Phil and Kate have a baby boy named Jake. They hire a baby-sitter, Camilla, to look after Jake and she becomes part of the family. The Sheridan's friend and neighbor, Ned, takes a liking to... See full summary »
A bright assistant D.A. investigates a gruesome hatchet murder and hides a clue he found at the crime scene. Under professional threats and an attempt on his life, he goes on heartbroken because evidence point to the woman he still loves.
After a long spate of bad luck, the little criminal Tony and his gang successfully rob one of Brink's security transports, taking $30,000. Surprisingly their coup doesn't make the press. ... See full summary »
In the green woods of Silver Falls, Oregon, Aaron Hallam, a trained assassin AWOL from the Special Forces, keeps his own brand of wildlife vigil. After Hallam brutally slew four deer hunters in the area, FBI Special Agent Abby Durrell turns to L.T. Bonham-- the one man who may be able to stop him. At first L.T. resists the mission. Snug in retirement, he's closed off to his past, the years he spent in the Special Forces training soldiers to become skilled killers. But when he realizes that these recent slaying is the work of a man he trained, he feels obligated to stop him. Accepting the assignment under the condition that he works alone, L.T. enters the woods, unarmed--plagued by memories of his best student and riddled with guilt for not responding to Aaron's tortured letters to him as he began to slip over the edge of sanity. Furious as he is with his former mentor for ignoring his pleas for help, Aaron knows that he and L.T. share a tragic bond that is unbreakable. And, even as ... Written by
Sujit R. Varma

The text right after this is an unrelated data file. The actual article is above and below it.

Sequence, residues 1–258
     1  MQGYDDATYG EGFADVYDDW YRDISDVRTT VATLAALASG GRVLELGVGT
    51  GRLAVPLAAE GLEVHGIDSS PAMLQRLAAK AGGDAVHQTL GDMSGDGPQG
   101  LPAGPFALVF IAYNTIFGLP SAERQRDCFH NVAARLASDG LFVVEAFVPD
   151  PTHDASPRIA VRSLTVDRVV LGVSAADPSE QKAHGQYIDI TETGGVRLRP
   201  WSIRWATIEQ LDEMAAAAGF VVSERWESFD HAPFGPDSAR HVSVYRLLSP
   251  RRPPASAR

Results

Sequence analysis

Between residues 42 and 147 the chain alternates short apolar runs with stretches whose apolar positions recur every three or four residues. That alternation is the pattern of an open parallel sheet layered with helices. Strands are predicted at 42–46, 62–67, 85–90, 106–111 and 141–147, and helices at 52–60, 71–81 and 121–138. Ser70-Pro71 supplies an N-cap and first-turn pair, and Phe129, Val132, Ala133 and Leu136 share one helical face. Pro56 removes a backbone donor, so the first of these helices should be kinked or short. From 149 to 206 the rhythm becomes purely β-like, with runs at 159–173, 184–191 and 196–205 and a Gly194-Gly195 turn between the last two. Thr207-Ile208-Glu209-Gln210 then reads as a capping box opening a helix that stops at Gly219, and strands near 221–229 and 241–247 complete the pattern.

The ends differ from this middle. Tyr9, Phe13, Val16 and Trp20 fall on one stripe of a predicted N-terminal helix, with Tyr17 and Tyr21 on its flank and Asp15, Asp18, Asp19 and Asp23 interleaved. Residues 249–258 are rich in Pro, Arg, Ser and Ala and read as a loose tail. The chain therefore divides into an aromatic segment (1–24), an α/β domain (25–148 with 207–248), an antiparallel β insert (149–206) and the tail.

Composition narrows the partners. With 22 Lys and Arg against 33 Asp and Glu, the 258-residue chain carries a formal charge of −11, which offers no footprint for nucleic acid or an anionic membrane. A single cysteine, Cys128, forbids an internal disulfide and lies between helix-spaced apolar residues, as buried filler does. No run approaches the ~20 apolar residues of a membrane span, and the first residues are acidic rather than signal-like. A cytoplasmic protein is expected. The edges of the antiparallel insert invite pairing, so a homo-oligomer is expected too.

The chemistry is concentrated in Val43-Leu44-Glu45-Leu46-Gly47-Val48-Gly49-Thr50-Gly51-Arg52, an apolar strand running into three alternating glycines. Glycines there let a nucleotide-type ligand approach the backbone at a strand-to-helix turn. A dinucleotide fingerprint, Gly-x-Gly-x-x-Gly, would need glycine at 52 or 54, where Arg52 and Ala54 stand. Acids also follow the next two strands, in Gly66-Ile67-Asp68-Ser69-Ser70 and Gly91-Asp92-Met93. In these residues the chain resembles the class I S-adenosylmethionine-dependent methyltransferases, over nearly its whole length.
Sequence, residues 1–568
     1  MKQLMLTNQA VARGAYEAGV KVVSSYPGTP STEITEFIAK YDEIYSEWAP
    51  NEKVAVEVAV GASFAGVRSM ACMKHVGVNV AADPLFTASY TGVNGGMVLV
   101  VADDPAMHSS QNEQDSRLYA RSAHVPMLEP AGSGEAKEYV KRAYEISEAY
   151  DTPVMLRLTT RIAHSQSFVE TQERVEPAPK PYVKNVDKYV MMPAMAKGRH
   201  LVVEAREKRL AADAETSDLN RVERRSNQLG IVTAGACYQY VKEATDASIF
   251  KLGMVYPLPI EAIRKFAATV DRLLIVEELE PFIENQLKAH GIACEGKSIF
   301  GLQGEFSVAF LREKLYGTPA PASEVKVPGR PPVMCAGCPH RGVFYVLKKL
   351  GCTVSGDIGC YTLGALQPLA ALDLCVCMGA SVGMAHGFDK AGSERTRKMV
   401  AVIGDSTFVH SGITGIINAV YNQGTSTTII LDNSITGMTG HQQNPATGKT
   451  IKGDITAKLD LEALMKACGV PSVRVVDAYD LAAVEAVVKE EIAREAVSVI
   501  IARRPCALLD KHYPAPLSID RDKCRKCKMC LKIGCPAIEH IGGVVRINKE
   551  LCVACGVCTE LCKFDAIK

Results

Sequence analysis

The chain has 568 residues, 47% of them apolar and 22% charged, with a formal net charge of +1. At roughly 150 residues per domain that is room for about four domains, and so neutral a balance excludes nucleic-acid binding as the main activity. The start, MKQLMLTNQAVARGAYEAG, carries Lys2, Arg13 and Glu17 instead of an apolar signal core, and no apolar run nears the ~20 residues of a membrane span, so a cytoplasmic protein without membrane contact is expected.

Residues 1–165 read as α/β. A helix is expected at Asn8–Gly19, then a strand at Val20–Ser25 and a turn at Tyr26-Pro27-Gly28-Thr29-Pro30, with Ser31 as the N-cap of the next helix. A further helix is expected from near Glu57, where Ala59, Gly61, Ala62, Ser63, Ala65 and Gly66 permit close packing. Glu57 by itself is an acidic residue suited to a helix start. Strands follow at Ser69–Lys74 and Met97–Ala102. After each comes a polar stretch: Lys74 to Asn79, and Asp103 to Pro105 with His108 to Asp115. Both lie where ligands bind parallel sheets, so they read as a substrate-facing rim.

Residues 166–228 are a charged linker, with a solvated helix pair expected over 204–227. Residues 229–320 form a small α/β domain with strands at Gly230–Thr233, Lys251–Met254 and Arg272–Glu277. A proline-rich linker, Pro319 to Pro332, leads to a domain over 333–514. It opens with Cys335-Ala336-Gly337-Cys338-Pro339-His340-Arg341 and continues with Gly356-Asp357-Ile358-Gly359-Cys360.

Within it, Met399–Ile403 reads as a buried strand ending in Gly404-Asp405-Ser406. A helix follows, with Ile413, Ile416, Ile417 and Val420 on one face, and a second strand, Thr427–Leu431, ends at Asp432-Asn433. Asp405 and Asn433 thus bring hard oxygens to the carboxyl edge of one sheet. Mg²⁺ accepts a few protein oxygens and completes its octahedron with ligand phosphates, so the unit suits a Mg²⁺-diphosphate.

When L.T is on top of the MAX train chasing Aaron, there is the "click-clack-click-clack" sound of a train, but when the camera shows the deck of the bridge behind and in front of the "train" you can see that there are no tracks (the Hawthorne Bridge carries cars, not trains). Tracks are only shown when the "train" makes an emergency stop before Aaron climbs up the bridge. Even then, the tracks are merely shiny strips of metal unevenly laid upon the bridge's metal grating, with no grooves for the wheels at all in the surface. See more »
God said to Abraham, "Kill me a son." Abe says, "Man, you must be puttin' me on." God say, "no"; Abe say, "what?" God say, "You can do what you want, Abe, but the next time you see me comin', you better run." Abe says, "Where do you want this killin' done?" God says, "Out on Highway 61."
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Watchable, but evaporates completely after viewing
The movie is pretty well-produced overall, though there are a couple of glaring editing goof-ups (the knife being dunked into water, for example.) And the fact that it's clear Jones and Del Toro are doing much of their own stuntwork in the fighting sequences (and other places) is pretty impressive.
However, there is really nothing of substance here that will make you remember the movie long after you've seen it. While the action gets bloody at times, the actual struggling around is only okay at best. The Jones and Del Toro characters are thin, with little background revealed about them, and they don't have that much dialogue. There are some interesting themes that start to peek out, but they are simply not expanded on. (Like: Why didn't Jones' character answer those letters he got? You have to hear the explanation from director Friedkin on one of the DVD documentaries!) Ultimately, the movie becomes a simple-minded action movie, of the mentality of many direct-to-video movies.
A P.S. to Hollywood filmmakers: If it is heavily snowing in British Columbia, it is HIGHLY UNLIKELY that at the same time it would be sunny and warm in Oregon! The weather patterns in both places are more or less the same!
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